Just following on from some conversations recently I have reposted this post I wrote on another blog several years ago.
“With Mother’s Day coming up there have been plenty of special deals advertised for sewing machines. The low prices combined with the recession trend towards frugality means quite a few women (and men) are considering buying one.
Having recently bought a new machine myself and talked to a number of shoppers, here are a few tips. They are in no particular order as different things are important for different people.
You get what you pay for
Kind of obvious really but it’s worth thinking about how you are going to put your sewing machine to use. If it’s just the odd bit of mending and moment of inspiration for a party costume then a pretty basic model is going to do the trick and you can consider machines in the $300 – $450 range. If you want to do any more than that, it’s worth saving a few more pennies (or going in with a friend) and heading into the next price level if not higher. I would also suggest – no matter how tempting the deals at the big name stores like Harvey Norman or Noel Leeming (or Spotlight) it is worth shopping at a specialist store. You will get good advice and as a general rule better service in understanding your machine.
The difference electronics make
The first sewing machine I bought (26 years ago this month!) had a 25 year guarantee. It was mechanical and the general rule was it would run better the more it was used. My mother’s 45 year old earlier model is still going strong and had a lifetime guarantee for certain partss
Then about 17 years ago I bought a secondhand (hardly used) early electronic machine. It is still going well although it has had a replacement motherboard ($400 was still cheaper than a new machine at that level) My wonder sewing machine repair man has taught me quite a bit in passing about machines over the years and there are some different things you need to consider.
Basically an electronic machine will not last as long as a mechanical machine – the components (like any computer) age. So save the investment into the super amazing one until you know you will have the time to use it – for instance I just bought a new middle range machine for the next 10 – 15 years and am planning on the wonder one for retirement.
Being electronic you need to get out of the habit of leaving your machine switched on when you aren’t using it. Power equals heat and heat and electronics don’t mix in the long term – so get into the habit of turning off your machine when you walk away for any length of time. Better still unplug it if you are leaving it out overnight.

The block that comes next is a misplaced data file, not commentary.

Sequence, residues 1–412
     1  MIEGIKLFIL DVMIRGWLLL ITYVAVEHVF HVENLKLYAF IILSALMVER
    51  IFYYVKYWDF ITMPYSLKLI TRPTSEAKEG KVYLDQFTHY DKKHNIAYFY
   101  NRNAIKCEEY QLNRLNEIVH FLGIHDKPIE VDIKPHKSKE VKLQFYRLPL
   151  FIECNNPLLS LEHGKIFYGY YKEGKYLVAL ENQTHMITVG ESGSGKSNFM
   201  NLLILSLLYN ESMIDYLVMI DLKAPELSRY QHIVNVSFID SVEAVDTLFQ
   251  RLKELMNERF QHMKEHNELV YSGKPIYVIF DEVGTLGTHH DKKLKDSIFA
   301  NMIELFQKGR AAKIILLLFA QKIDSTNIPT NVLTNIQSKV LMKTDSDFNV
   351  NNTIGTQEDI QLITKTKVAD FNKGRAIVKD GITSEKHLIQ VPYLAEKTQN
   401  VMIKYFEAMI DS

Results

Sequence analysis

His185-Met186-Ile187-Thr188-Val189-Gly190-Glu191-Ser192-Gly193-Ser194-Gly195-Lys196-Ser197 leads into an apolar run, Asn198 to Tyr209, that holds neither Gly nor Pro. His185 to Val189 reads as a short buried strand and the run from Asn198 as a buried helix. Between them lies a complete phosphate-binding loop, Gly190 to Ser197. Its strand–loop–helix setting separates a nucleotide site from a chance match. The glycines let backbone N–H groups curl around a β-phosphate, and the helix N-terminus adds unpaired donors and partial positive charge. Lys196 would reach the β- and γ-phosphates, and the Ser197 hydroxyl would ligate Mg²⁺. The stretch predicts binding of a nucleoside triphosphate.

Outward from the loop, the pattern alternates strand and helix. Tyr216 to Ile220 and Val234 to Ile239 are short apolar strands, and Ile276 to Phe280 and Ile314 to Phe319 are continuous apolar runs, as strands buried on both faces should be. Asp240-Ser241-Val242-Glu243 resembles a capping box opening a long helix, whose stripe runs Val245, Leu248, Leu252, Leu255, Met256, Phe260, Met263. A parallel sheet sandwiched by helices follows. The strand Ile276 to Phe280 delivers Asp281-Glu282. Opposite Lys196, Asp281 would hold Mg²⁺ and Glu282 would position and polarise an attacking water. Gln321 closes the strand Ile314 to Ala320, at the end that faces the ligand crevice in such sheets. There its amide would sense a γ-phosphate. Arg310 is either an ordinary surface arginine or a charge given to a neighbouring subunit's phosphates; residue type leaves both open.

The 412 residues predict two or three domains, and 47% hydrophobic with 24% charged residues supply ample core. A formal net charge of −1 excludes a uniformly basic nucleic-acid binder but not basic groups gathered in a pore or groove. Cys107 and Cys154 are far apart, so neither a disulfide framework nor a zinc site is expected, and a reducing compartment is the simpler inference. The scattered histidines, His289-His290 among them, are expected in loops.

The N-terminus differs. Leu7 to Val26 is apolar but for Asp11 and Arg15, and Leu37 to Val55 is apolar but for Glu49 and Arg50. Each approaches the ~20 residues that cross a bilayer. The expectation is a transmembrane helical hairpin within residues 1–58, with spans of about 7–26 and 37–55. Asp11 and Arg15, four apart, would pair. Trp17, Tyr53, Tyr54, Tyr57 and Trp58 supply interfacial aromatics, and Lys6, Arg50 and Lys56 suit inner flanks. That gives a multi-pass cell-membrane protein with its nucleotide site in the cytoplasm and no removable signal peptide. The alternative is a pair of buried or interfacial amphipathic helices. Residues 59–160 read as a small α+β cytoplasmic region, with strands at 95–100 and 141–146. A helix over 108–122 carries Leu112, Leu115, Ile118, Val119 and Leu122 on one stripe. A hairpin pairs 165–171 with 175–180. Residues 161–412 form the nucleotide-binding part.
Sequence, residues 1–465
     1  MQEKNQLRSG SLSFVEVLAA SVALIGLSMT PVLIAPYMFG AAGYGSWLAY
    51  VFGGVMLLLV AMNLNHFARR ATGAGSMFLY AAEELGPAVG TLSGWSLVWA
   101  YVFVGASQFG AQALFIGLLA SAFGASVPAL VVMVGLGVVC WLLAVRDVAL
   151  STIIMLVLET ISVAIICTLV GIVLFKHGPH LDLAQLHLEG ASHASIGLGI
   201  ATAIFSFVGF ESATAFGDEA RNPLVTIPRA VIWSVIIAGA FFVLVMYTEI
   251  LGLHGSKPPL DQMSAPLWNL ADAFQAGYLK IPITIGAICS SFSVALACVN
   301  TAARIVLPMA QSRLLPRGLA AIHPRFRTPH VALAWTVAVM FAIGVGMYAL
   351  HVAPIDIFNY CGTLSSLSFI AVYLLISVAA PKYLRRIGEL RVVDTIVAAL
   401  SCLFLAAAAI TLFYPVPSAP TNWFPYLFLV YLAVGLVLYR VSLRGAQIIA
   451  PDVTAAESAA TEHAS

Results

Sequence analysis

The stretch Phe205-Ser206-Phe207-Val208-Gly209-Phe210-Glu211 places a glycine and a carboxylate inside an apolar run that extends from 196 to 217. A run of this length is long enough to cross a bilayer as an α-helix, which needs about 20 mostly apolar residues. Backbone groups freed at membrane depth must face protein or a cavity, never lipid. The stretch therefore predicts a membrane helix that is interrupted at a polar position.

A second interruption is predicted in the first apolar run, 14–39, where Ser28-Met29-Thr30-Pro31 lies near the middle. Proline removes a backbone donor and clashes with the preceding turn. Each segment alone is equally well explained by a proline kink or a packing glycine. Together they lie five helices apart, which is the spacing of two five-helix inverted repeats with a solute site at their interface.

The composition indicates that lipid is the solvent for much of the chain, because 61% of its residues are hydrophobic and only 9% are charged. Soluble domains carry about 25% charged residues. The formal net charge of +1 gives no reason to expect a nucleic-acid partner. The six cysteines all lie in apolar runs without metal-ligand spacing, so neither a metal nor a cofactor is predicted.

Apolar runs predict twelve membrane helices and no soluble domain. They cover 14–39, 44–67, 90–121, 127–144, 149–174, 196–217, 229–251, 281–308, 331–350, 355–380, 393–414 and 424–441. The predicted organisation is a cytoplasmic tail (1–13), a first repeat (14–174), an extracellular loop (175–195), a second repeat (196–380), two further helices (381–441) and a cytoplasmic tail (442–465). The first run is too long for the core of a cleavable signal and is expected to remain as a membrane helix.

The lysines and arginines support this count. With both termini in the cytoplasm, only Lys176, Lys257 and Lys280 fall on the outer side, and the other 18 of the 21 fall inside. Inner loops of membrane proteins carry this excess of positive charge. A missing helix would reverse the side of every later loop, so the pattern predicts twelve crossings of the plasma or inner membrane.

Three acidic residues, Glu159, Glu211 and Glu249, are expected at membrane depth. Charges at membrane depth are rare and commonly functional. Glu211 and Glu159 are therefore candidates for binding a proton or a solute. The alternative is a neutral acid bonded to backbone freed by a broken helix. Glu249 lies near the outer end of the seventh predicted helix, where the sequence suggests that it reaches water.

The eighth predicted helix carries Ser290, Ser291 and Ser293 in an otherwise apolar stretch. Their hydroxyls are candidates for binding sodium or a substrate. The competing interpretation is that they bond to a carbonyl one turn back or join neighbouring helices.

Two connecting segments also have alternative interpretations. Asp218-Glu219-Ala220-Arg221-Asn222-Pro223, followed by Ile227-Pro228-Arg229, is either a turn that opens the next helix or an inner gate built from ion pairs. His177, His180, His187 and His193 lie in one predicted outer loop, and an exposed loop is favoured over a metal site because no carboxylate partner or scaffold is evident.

Buy what you know
A couple of things here – many older women come in looking for a new machine because the machine they used a lot when their children were small needs replacing. They say they need something really basic because they wont be using it nearly as much. A great piece of advice I got when I was in the same position is to look for at least the same number and types of stitches your old machine has. You might think you wont use them but will get frustrated if they aren’t there. This isn’t that hard as even the most basic electronic machines have a pretty good range, but it is worth keeping in mind. For example I did use the alphabet function quite a bit on my old machine and that helped decide between similar options.
Brand loyalty is a big thing in sewing machines – having changed brands with my latest purchase I’m struggling a bit. My daughters love it and one of them might get lucky if I have sufficient cash to invest in my brand preference. So if you have sewn a lot/ grown up with a particular brand, start with that.
Trying it out
If your old machine had a front loading bobbin (and was mechanical or early electronic) the design and shape of many of the new machines with drop in bobbins can feel kind of odd. It’s hard to describe and isn’t confined to a particular brand but I have found the line of sight seems different. It’s possibly due to the way top threading has been altered to make it easier. It can take a bit of getting used to.
I always like to check the buttonhole a machine sews, how easy it is and the general appearance. The bottom line machines aren’t designed to deal with very heavy fabrics but anything up from that should sew that OK. If you are an experienced sewer (you probably wont be reading this!) you may need to take some fabric samples with you to test.
Last but not least one of the changes over time with electronics is that there is more scope for machines to specialise for different sewing requirements. Once you head over the $2000 mark the major brands tend to offer different versions for quilting or embroidery.
And don’t forget that as well as a good machine you need good quality thread and the right needle for the job for sewing success.
Prices are in New Zealand dollars